Class D speaking with Teacher 2
Classes A and B reading with Teacher 3

From a business perspective the profit per student in the Academy system is higher than other classes. We charge 15,000 yen a month plus tax for 44 two-hour classes a year, so I think this is a good value for students too (they would have to pay more than that each month just to buy the books they end up reading).

The specialized knowledge required to set up the system, and the cost of books and other equipment (we’ve spent over a million yen setting up the Academy, and we already had thousands of books) means that it would be difficult for other schools to copy our classes if we are successful.

Most of all, it is wonderful to see the students enjoying their studies, and achieving success each week. The Academy style classes also work very well with students who have social issues. For a teacher, it’s a very fun class to run and I hope our students will find themselves doing better at school.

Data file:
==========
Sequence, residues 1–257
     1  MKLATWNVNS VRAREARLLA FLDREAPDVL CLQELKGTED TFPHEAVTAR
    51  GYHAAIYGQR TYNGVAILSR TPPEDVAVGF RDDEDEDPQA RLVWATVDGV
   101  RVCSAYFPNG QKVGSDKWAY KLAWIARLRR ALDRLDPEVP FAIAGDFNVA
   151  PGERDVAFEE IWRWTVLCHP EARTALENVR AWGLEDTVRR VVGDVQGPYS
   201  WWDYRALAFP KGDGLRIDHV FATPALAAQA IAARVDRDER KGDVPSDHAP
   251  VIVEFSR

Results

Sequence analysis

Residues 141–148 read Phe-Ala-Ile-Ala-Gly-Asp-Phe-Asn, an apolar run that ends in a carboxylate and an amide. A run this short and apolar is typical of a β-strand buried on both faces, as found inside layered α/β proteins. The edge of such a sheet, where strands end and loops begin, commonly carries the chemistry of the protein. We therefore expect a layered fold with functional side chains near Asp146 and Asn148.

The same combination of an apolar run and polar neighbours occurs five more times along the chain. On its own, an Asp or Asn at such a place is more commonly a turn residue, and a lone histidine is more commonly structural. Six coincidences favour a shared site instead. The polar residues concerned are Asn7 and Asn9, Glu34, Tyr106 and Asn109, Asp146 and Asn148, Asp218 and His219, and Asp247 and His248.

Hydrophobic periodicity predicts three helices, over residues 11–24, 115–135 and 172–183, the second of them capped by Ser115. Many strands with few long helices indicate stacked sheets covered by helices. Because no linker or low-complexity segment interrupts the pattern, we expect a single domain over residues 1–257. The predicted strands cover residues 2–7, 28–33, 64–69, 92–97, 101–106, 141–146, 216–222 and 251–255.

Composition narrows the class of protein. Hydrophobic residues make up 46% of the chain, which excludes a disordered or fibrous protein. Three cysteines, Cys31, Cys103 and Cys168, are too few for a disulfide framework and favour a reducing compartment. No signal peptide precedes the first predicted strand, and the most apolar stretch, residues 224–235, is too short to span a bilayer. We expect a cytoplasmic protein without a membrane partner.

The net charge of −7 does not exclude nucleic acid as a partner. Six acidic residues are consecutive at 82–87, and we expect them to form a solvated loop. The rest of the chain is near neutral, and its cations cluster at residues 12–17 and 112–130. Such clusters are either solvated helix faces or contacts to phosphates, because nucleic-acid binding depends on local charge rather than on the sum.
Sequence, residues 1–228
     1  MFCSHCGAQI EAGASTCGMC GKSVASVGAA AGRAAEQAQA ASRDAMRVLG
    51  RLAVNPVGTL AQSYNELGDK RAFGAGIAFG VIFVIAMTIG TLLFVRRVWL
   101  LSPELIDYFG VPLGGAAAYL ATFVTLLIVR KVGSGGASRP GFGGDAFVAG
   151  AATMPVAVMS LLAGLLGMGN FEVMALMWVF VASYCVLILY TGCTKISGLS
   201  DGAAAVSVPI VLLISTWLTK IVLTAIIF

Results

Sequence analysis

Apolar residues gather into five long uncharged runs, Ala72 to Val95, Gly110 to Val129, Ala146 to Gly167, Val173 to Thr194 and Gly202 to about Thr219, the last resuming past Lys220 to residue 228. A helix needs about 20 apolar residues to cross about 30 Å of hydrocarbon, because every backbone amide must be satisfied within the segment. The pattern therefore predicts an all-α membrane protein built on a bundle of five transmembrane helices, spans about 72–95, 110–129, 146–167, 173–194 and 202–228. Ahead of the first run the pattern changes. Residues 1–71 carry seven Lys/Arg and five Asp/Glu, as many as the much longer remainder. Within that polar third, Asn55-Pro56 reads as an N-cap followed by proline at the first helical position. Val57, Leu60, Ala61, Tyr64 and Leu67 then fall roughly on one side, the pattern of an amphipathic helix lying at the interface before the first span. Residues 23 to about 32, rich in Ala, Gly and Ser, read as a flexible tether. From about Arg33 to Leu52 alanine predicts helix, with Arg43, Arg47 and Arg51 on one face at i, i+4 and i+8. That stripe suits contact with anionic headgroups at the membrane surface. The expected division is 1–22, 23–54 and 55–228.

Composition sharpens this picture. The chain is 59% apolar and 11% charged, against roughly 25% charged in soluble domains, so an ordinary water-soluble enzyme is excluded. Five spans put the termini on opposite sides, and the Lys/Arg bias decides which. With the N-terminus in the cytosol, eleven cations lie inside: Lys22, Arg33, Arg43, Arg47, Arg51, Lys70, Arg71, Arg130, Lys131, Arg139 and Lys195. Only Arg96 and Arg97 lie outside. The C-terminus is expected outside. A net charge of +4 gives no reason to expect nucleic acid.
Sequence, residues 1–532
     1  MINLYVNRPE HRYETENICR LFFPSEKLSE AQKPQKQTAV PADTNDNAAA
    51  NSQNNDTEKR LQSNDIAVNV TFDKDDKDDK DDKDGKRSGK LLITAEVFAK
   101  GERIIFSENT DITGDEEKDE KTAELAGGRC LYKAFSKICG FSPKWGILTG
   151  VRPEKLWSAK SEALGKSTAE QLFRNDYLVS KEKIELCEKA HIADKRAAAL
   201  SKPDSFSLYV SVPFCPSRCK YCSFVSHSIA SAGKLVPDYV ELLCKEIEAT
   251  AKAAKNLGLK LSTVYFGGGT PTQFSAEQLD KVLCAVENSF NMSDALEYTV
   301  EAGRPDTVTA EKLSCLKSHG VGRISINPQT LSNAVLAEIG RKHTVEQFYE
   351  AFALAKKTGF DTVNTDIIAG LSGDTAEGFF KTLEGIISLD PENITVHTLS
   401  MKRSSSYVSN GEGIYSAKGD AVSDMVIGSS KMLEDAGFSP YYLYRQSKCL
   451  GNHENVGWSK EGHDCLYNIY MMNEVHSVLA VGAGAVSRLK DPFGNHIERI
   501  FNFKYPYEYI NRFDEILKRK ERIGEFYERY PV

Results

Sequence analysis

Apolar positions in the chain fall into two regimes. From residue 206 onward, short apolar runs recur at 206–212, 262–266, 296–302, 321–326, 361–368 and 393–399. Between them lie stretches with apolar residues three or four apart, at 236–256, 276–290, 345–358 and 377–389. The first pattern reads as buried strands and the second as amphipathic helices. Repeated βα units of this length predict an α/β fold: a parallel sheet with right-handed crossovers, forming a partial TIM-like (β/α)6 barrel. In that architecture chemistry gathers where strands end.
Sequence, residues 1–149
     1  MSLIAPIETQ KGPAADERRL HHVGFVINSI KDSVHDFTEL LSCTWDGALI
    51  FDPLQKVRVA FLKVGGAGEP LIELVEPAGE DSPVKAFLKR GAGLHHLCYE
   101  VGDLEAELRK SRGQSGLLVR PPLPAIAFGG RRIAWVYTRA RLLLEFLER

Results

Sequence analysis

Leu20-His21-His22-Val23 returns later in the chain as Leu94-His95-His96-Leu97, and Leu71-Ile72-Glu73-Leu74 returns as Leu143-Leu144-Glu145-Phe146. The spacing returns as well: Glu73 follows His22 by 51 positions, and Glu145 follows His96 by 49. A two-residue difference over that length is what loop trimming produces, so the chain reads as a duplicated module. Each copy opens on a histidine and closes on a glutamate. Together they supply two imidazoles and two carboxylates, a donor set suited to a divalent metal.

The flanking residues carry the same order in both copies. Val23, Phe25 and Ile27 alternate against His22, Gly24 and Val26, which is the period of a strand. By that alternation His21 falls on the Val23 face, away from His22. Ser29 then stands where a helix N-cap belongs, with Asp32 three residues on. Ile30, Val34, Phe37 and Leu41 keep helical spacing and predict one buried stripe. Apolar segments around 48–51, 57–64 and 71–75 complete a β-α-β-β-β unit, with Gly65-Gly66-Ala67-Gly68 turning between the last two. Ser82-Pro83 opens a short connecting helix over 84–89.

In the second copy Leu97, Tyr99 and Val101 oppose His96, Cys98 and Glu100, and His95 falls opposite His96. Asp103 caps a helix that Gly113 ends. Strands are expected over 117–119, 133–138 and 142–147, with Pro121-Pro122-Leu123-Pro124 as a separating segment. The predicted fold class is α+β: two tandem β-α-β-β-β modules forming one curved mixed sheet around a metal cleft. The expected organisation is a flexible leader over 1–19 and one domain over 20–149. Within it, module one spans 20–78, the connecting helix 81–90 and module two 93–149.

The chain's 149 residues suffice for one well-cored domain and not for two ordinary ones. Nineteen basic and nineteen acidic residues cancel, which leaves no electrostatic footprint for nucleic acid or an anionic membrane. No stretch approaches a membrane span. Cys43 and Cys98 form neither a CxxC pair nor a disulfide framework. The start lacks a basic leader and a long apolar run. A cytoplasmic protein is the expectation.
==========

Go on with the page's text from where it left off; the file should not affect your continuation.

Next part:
What’s next?

Well, we’ll continue developing the system and trying to improve it. I suspect motivation may become a problem for some students once the novelty wears off, but I haven’t seen this so far. Hopefully the combination of success and the contrast between an hour of reading/listening and the rest of their busy day will help stave this off.

Business-wise I would like to see the Academy grow in size, and if it gets big enough I would like to move it to a new location in the city centre to increase our catchment area. Ideally this would happen in the next year or two.

So far I am very pleased with how things are going. I’ll post an update in September or so and let you know how we are doing. Please feel free to ask any questions in the comments.

 

A Visit to SEG

The Best ER Program in the World?